While Cocalico didn’t have any champions, the Eagles still placed eight wrestlers to finish fifth in the team standings.

Abdul Saad and Ben Fromm, who both just returned to the Cocalico lineup, finished as runner-ups at their respective weight classes. Saad advanced to the finals where he was pinned by Penn Manor’s Jesse Kann in 5:06. Fromm dropped his title bout with Matt Vines of Northern Lebanon by a 2-1 decision that went to the ultimate tiebreaker round.

The Eagles’ other medal winners included: Josiah Gehr, third place at 106; Adam Miller, fifth at 120; Nate Fritz, sixth at 126; Devon Fichtorn, seventh at 138; Trevor Fichtorn, third at 132; Max Martin, third at 160; and Devin Sensenig, sixth at 170.

“Overall I think we battled well,” Cocalico Coach Matt Fittery said of his team. “There are some disappointments always, there are always some ups and downs, but overall I think they wrestled hard. It wasn’t for a lack of effort. They battled well. I thought we could have done a little better but I always think that. Overall, it was good.”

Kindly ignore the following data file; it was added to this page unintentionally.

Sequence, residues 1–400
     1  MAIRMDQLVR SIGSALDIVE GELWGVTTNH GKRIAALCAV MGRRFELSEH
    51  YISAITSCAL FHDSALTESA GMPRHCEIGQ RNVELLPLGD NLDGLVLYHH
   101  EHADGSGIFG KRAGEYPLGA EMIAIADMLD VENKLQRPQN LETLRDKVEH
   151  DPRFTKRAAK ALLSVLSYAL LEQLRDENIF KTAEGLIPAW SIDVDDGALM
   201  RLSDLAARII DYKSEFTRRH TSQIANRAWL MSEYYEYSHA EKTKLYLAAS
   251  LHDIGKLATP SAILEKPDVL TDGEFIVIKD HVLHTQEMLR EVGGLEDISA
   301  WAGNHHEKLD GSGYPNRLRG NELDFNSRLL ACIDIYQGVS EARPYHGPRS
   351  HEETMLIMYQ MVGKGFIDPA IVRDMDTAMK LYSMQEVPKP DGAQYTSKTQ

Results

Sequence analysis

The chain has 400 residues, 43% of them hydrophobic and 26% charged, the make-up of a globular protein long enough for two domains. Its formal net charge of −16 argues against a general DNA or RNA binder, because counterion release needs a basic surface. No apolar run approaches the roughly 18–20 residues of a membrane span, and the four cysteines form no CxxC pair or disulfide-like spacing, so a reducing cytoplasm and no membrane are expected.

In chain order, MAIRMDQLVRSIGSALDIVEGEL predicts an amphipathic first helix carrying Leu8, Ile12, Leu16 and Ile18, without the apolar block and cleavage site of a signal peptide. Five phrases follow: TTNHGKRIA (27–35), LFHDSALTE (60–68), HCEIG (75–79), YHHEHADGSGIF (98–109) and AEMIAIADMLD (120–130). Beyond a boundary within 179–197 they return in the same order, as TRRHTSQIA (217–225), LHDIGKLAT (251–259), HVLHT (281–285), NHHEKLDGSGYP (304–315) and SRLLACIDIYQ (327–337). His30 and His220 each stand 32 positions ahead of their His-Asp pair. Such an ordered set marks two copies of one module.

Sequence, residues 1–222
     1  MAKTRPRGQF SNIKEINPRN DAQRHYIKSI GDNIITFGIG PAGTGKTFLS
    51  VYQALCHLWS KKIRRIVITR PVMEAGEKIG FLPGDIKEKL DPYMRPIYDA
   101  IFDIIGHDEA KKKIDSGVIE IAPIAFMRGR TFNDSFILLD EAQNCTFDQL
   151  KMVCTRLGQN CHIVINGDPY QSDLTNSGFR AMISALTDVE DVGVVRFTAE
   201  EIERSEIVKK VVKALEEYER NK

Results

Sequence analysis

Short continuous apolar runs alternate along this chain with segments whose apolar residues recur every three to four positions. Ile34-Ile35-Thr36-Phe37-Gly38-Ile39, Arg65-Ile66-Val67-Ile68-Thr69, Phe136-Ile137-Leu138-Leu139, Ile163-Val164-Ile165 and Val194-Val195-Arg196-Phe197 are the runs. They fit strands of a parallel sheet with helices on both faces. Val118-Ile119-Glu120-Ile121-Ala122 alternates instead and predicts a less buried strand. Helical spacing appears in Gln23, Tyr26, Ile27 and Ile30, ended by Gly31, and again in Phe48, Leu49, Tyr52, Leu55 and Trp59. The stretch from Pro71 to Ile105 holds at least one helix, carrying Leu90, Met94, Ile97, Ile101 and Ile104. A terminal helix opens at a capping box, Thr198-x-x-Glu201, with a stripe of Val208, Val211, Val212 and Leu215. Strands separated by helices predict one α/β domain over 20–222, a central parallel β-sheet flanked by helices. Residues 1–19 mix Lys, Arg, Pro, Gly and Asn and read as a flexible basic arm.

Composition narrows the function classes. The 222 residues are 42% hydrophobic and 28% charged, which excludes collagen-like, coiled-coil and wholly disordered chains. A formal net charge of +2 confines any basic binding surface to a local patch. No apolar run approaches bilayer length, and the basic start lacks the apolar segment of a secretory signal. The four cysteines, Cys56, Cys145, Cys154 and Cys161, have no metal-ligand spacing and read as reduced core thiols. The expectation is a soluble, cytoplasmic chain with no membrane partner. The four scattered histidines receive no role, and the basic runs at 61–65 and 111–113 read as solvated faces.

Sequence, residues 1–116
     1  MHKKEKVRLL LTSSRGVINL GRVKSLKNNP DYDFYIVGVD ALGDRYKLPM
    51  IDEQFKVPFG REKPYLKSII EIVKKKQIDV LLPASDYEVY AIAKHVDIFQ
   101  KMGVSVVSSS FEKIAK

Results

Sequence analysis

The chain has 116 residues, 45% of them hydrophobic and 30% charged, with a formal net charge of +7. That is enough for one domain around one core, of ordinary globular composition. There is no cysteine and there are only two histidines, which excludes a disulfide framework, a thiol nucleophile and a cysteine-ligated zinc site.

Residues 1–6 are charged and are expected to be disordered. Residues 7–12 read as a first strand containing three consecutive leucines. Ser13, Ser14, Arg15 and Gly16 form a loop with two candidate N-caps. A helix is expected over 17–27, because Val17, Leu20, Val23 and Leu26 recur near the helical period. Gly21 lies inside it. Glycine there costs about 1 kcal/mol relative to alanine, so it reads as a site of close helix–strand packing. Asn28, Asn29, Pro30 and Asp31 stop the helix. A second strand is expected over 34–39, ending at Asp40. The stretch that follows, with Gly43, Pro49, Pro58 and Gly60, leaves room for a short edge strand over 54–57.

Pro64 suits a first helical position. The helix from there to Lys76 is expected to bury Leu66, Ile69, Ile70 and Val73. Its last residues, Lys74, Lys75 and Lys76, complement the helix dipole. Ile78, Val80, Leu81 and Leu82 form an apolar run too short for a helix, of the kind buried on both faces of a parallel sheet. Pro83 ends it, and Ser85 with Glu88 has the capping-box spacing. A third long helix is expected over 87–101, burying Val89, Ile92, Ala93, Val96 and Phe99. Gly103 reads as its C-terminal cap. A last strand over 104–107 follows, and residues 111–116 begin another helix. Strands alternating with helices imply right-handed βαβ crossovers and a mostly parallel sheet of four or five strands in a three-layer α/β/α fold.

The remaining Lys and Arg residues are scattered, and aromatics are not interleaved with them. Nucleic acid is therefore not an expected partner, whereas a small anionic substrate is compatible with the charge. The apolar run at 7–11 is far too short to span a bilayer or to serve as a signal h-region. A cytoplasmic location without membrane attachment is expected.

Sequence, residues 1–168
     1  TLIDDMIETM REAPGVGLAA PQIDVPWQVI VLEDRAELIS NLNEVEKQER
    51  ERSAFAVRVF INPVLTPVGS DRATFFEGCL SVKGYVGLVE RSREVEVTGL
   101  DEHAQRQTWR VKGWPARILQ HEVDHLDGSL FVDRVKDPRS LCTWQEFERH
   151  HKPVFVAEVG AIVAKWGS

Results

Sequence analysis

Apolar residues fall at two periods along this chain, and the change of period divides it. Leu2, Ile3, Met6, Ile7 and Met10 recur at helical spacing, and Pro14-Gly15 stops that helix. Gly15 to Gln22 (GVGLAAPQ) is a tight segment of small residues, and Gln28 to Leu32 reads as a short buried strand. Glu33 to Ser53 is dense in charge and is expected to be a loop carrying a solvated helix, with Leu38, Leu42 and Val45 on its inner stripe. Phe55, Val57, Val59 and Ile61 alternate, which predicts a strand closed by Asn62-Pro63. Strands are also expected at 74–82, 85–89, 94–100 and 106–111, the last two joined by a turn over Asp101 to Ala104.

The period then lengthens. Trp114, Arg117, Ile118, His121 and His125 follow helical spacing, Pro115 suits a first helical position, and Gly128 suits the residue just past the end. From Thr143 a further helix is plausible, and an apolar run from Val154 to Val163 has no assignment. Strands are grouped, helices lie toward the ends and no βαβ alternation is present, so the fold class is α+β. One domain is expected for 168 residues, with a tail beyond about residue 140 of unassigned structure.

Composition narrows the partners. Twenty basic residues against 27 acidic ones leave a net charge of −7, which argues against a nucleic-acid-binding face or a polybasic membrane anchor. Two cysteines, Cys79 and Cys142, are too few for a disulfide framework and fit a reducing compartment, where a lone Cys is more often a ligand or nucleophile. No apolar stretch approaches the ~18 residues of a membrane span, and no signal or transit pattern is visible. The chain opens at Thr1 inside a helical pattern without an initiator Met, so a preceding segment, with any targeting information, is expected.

Jones (19-4) earned first-period falls over Levi Brooks (Elco), Luke Snyder (E-town) and Kyler Anspach (Northern Lebanon) to gain his finals bid opposite Fafel, who surprised Cocalico’s Gehr, 2-0 in the semifinals.

Jones struck quickly with a takedown to go up 2-1 in the first. The Ephrata junior then rode Fafel for the entire second period before escaping early in the third for a 3-0 advantage. He then added the finishing touches to his first L-L crown with a beautiful snap-and-spin for a takedown with 16 ticks remaining to seal it.

“Whatever he gave me, I was going to take,” Jones said. “I turned the corner and just pounced on him.”

“Moving forward, if Austin keeps wrestling the way he is, there are not many guys who can beat him. He’s wrestling very well right now,” Clair added.

Fourth-seeded Terry (21-8), who dropped a semifinal match by fall to three-time champion Devin Schnupp of Warwick, rounded to finish third with a 4-1 victory over McCaskey’s Nevin Estevez in the consolation finals. Rohrbaugh (12-10) fell victim to a cradle by Cocalico’s Martin and went on to fall 9-5 in the consolation finals at 160. And Mentzer grabbed sixth at 145 when he was pinned by Conner Pavlik of Manheim Central in the fifth-place match.